The viciousness of our gender-biased laws is matched only by the audacity with which they are being abused every single day and the ignorance and apathy of the public, which turns a blind eye to such misuse. While the rampant misuse of laws is being instantaneously hailed as bravery and valour, sometimes even accompanied by announcement of rewards, the misery of many souls needlessly languishing in prisons is considered “law taking its course”, even by some of the most well meaning citizens, officials, opinion makers and leaders of our country.

Here, I must make an honest admission that I was one of the well-meaning but ignorant (if not downright apathetic) citizens myself. During my childhood, I remember people referring to the prison as “Sree Krishna Janmasthaanam”. I knew about Kamsa incarcerating Devaki and Vasudeva, not because they did any harm to him, his subjects or his kingdom, but only to escape the impending consequence of his own sins, namely, death in the hands of their divine child. Despite knowing this story of Krishna, for the longest time, I thought everyone inside the prison was a thief or a thug…but that’s only until I was granted the divine (and profoundly life changing) opportunity to visit prison myself. Ever since, and for almost  a decade now, I always look at a prison, not with fear or disdain, but with a certain melancholic fondness…I see “Sree Krishna Janmasthaanam”.

On the occasion of Sree Krishna Janmaashtami, I pray for the well-being and speedy release of all those who have been wrongly incarcerated in Indian prisons.


Crime in India, 2013 – Compendium:

Prison Statistics India, 2013:

Time to Scrap Laws Which Turn Ordinary Men into Criminals!

Beginning Saturday, 4 October 2014, the death of Raghavendra Guruprasad and his two boys has been discussed in newspapers, on TV channels, and in the social media.

For those who have not heard about him, Guruprasad was an ordinary Indian male, with above average intelligence, who worked hard to get a good education, married for love ten years ago, had two boys with the woman he loved, and worked as an assistant professor at a University for a living. He was filled with thoughts of a long life of togetherness with his wife and children. Guruprasad wanted to ensure that his family, his most precious possession, remained intact, even if it meant that he had to face humiliation in private and public due to his wife, even if it meant he had to suffer physical abuse in the hands of his in-laws.

What Guruprasad was gifted in return was a package of lies, in the form of a divorce petition and a false criminal case under Section 498A of IPC. Despite being arrested, imprisoned and put through legal turmoil, and despite being physically separated from his wife and children, Guruprasad never gave up his efforts to reunite with them because he felt that his sons needed a father. He also desperately reached out to his wife only to be shunned and rejected over and over, which eventually led him to end his misery by taking his own life. Incidentally, Guruprasad had also written letters to various authorities that he could think of, pleading them to help him, before he gave up hope.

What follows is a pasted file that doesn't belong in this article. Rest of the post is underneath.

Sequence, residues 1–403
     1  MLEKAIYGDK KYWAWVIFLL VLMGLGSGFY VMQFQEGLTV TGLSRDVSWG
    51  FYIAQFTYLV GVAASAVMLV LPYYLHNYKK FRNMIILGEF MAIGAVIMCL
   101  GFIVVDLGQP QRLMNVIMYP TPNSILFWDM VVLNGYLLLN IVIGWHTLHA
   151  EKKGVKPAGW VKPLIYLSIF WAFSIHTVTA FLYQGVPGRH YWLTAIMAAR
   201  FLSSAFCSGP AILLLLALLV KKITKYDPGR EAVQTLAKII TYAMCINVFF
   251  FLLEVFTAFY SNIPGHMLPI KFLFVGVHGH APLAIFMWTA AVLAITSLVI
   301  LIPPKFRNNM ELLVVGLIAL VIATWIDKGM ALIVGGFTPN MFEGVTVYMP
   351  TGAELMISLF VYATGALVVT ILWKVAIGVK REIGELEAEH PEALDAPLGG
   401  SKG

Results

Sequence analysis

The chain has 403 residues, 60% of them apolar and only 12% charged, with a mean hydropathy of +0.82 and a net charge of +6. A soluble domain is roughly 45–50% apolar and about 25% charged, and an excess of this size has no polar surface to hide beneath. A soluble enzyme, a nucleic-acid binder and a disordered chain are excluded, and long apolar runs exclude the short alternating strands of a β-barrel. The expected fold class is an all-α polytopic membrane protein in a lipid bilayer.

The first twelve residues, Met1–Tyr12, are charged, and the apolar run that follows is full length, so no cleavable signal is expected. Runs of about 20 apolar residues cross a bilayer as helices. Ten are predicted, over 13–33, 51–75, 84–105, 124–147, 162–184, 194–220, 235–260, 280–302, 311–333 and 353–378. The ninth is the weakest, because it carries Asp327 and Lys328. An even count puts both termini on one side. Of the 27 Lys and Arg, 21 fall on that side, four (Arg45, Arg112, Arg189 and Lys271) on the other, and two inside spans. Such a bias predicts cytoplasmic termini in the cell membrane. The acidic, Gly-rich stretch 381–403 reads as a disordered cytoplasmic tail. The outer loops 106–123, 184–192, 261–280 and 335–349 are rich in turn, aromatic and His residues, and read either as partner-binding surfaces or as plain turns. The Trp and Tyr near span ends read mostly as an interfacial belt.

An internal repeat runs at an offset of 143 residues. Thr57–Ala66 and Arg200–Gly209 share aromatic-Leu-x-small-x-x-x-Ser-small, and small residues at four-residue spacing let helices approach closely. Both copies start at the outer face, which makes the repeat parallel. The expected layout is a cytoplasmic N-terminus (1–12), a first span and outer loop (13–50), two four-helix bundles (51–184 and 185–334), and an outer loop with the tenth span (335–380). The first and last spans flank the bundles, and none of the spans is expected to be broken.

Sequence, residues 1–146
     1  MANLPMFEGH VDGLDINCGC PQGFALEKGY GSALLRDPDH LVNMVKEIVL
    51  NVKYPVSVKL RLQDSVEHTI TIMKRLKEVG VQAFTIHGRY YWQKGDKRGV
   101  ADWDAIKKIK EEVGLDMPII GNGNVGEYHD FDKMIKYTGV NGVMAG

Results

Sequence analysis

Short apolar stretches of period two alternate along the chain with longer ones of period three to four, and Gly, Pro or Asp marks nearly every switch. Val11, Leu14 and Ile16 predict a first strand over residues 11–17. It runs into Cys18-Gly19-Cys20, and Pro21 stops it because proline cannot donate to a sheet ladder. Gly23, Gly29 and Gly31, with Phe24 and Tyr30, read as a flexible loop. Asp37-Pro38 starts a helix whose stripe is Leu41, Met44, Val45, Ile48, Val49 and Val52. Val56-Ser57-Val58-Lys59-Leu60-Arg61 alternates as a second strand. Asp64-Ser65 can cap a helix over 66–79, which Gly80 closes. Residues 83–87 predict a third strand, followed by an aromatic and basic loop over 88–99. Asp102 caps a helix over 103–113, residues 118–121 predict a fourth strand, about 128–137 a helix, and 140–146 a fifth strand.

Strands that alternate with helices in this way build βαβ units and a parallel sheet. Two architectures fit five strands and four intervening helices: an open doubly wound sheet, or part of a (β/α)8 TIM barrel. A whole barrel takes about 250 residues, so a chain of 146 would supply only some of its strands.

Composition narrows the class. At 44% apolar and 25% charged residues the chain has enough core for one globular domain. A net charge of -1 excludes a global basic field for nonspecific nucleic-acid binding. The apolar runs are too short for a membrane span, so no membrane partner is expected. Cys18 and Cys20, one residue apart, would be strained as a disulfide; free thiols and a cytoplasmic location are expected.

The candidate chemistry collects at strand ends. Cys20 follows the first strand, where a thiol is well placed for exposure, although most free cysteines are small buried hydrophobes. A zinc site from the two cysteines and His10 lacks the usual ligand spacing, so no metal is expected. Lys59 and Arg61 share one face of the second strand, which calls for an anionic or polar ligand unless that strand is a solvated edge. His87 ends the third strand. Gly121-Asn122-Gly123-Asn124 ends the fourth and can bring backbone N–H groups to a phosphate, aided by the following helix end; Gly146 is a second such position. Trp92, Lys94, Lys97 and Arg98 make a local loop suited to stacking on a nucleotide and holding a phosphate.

His last phone conversation with his wife, which is available online, was his last cry for help. He hinted at ending his life, and when his wife asked him (very coldly) as to what use it would be, he said, “I am not sure of what use it would be, but I am unable to endure this…”. When his wife asked him why he called and disturbed her, he replied saying, “You say that my phone calls disturb you, but I have been disturbed every moment that I have had to spend away from you, my family.” His 7-page suicide note describes his attachment to his wife and children, and the pain he was going through because of being forced to be away from them, and because of the social pressure and rejection he faced as a result.

If this was all there was to it, the print and electronic media would not have paid much attention. We would have seen a passing reference to “a faculty member of a University ending his life over marital woes”. The feminists would not have jumped up and down in live news rooms bashing him up, and along with him, the entire male gender, and using it as one more opportunity to highlight victimhood of women.

Guruprasad had written one last letter to the Ministry of Home Affairs about the sufferings of Indian men due to the draconian law, IPC Section 498A, and begged that it be scrapped so that more men do not have to suffer like him. For TV channels that love airing high-pitched verbal battles between feminists and men’s rights activists, this was definitely a topic they could milk to increase their TRPs during primetime news.

However, the main reason Guruprasad’s story grabbed so much attention was because he allegedly killed his sons before ending his own life. The feminists, the self-professed psychologists and psychoanalysts, and certain sections of the media isolated this specific detail, and made it a topic of discussion, to label Guruprasad “a psycho”, “a maniac”, “an inhuman, barbaric creature”, “a disgrace to mankind”, and more. They asserted that the filing of criminal sections and the divorce case against Guruprasad were justified, because he eventually turned out to be a violent savage, a pervert, a deliberate criminal, and a cold-blooded murderer. While IPC Section 498A has been facing sharp criticism from various quarters in the recent past, the feminists, in a desperate bid to defend the poisonous fruit of their labor, spared no effort to malign Guruprasad’s character and life as a whole.